Professional tax grows at a healthy rate despite GST, demonetisation hiccups
Collection of professional tax, a minor tax in the State’s kitty, has grown by more than 14% in the past three years — something that, according to officials, indirectly indicates the employment scenario.
Finance and Labour department officials believe that despite hiccups in the economy in the past three years after demonetisation and the introduction of Goods and Services Tax (GST), professional tax collection has continued to increase.
This, they say, indicates an addition of jobs as well as an increase in salaries. Trade unionists, however, contest the theory that it is an indicator of job generation.
The professional tax collection (figure does not include government officials whose tax is paid directly to the Treasury), which was around ?840 crore in 2015-16, went up to ?964 crore in 2017-18 — growing by over 14%. The growth rate is expected to increase further with collection expected to touch ?1,100 crore in 2018-19.
An analysis of the data on professional tax collection in the State during the past decade shows that barring in 2015-16, when the slabs were revised, tax collection has been growing.
A maximum of ?2,500 a year is levied as professional tax on establishments and persons earning more than ?15,000 a month. Professional tax is among the only two taxes (the other being Karnataka Sales Tax) that the State government administers, after the other taxes were subsumed in the GST regime. “Collection has also gone up because of the department’s efforts to expand the tax base,” an official said.
In terms of enrolled professionals, such as doctors, chartered accountants, artists and tax consultants, and registered GST dealers, the number went up from 6.05 lakh in 2014-15 to 7.24 lakh in 2017-18 — a growth of over 19%. During the same period, the number of registered companies (in most cases collecting professional tax as TDS from employees earning over ?15,000 a month and remitting it to the government) has gone up from 65,900 to 77,800 — a growth of 18%.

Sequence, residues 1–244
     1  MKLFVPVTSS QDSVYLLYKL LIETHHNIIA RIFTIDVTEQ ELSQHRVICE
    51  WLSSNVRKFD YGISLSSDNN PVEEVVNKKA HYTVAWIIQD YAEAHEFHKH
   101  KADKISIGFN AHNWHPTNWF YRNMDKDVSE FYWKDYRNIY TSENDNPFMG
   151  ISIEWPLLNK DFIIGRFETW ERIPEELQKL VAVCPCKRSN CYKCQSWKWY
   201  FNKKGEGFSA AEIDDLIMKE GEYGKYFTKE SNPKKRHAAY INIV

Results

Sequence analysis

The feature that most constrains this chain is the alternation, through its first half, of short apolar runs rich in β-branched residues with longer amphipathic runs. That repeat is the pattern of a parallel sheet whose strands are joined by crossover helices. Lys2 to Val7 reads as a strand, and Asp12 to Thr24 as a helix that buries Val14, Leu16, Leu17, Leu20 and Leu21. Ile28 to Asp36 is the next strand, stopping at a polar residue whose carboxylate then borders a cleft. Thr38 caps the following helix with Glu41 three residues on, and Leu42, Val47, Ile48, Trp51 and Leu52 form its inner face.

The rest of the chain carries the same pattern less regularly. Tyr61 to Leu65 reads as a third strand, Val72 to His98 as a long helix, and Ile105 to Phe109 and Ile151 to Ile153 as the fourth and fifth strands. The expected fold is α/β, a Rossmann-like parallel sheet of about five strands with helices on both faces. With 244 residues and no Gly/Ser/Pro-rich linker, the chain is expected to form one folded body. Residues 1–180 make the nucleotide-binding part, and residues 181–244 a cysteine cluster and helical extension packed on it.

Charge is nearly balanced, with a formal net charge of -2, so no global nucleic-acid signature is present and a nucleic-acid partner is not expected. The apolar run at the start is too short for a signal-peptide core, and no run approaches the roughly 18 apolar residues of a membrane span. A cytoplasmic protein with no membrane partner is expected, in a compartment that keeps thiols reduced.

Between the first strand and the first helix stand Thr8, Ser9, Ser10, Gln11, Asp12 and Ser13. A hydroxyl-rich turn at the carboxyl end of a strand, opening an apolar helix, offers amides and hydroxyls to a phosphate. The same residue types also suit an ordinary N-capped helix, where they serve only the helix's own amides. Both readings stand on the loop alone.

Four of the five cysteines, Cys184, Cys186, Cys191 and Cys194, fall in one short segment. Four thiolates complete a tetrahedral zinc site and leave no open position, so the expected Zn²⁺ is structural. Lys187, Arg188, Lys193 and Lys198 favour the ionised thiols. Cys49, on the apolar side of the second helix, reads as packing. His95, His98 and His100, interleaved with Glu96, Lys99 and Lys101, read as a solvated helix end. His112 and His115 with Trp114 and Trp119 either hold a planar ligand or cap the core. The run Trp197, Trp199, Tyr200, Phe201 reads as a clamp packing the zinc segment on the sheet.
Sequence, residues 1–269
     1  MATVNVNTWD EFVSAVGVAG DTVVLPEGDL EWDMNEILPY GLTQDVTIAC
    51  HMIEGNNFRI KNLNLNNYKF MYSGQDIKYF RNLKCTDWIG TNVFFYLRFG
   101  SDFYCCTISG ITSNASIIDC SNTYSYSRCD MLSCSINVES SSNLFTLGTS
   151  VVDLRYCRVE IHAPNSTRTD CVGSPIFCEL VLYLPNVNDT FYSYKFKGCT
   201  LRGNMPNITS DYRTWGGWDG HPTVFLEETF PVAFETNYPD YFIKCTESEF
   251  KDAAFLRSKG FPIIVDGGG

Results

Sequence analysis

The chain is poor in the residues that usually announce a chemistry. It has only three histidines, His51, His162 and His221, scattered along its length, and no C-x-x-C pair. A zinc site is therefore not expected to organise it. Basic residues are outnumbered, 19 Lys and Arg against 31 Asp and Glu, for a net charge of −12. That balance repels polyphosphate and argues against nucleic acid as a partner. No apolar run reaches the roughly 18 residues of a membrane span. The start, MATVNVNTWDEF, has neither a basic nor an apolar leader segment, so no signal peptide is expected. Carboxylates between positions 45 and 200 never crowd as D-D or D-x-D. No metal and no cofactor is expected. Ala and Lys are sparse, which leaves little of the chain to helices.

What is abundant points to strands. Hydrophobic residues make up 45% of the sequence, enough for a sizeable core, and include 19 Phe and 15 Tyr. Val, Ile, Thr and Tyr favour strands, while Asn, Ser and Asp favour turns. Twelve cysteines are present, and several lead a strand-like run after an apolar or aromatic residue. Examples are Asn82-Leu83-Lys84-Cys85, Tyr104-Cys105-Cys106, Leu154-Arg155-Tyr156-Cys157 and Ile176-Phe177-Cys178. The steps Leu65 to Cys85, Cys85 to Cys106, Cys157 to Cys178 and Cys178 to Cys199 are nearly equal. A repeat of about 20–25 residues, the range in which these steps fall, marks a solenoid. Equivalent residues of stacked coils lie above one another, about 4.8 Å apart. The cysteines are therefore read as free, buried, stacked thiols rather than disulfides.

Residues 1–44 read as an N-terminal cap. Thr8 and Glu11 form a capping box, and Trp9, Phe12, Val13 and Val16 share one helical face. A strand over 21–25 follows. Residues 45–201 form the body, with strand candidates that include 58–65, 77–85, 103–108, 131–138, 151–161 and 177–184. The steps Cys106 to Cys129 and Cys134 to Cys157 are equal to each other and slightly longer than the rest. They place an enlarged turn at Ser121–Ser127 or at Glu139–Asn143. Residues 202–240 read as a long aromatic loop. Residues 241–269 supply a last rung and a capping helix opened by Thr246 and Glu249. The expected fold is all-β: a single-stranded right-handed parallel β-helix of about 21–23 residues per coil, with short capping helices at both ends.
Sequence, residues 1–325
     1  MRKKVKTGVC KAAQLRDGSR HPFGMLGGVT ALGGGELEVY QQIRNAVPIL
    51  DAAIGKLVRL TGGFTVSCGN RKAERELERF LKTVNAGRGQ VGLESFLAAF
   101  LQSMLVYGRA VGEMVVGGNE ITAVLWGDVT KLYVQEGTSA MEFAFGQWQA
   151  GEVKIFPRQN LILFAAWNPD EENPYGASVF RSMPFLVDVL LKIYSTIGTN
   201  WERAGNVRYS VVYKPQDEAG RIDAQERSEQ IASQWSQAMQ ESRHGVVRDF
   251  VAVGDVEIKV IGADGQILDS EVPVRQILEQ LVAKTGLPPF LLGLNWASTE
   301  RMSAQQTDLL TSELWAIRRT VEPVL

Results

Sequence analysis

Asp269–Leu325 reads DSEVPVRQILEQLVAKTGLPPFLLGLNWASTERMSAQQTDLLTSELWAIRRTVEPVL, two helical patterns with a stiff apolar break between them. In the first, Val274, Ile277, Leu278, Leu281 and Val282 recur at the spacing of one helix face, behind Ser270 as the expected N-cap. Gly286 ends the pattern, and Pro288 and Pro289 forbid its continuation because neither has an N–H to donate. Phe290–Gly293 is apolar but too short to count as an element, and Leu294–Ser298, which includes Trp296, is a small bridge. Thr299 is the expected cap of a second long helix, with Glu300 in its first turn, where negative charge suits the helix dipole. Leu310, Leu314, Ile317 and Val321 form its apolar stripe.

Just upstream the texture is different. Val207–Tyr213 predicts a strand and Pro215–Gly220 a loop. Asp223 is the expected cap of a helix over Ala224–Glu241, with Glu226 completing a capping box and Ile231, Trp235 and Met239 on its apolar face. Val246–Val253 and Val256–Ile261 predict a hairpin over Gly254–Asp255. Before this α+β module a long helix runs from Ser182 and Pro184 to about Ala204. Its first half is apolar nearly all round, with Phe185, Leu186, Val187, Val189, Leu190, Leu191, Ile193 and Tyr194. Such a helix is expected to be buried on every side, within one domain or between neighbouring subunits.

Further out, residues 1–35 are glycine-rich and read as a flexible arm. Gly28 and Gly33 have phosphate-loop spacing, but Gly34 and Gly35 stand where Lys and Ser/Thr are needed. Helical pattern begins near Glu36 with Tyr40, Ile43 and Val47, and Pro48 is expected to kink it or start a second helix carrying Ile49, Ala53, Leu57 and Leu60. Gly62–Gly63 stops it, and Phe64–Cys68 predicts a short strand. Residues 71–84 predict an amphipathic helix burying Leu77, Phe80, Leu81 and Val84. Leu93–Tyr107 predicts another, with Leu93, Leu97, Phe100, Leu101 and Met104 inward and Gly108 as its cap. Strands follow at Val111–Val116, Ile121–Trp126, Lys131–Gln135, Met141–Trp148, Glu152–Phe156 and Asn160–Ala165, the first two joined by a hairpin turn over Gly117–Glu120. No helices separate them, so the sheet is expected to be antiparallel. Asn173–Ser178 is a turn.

However, the growth rate in collection of professional tax is still lower than what was witnessed in the years between 2010-11 and 2014-15. Officials say it has dropped since 2015-16 after the State government revised the slabs for Karnataka professional tax from a minimum of ?10,000 a month to ?15,000. The result was that in 2015-16, collection saw a negative growth of 3.24% in comparison to the previous year, declining from ?868.62 crore to ?840.51 crore.
A senior Labour Department official said the data could reflect the formal or organised sector job scenario. “While there could be new jobs added, there could also be those whose salaries have moved beyond ?15,000,” he said, adding that moving into tax-paying bracket may not be quick in small- and medium-scale industries.
However, trade union activists believe the increase in tax collection is not an indicator of addition of jobs. “The collection may have gone up owing to improved compliance by professionals or people moving beyond the ?15,000 threshold, both of which may have increased tax collection,” said Muralidhar, a labour lawyer.
“A similar rise in the number of subscribers in Provident Fund would not mean creation of new jobs. It could be a factory with 19 employees getting into the PF fold with the addition of one more employee. The net new jobs added will just be one, but on the record 20 new workers would have become PF subscribers,” he said.
Google comes in handy
Google has come in handy for officials to identify professionals who have not registered themselves. An official said the search engine has been used to identify service professionals such as doctors, share brokers, tax practitioners and chartered accountants, among others, in Karnataka, especially Bengaluru.
“About 4,000 notices go from the department every week. Sourcing the list of vehicle owners from the Transport Department, we have sent 3.5 lakh notices to professionals,” the official said. More than 100 associations have been informed about the need for its members to comply with the law.
Minimum Wages Act, an escape route?
There has been high incidence of under-reporting of wages to escape from the professional tax net, and the cash component being added to the salary fixed as per the Minimum Wages Act has been noticed. “To adhere to the Minimum Wages Act, we have seen many industries fixing salary according to the Act.
If the wage exceeds ?15,000, the excess is given in cash, thereby avoiding registration for professional tax,” an official said. Since cash is used in a big way in the hospitality industry, small- and medium-scale industries, and the security and transportation section, which provides employment to more than a million people, coverage is low here.
Source :- Thehindu.com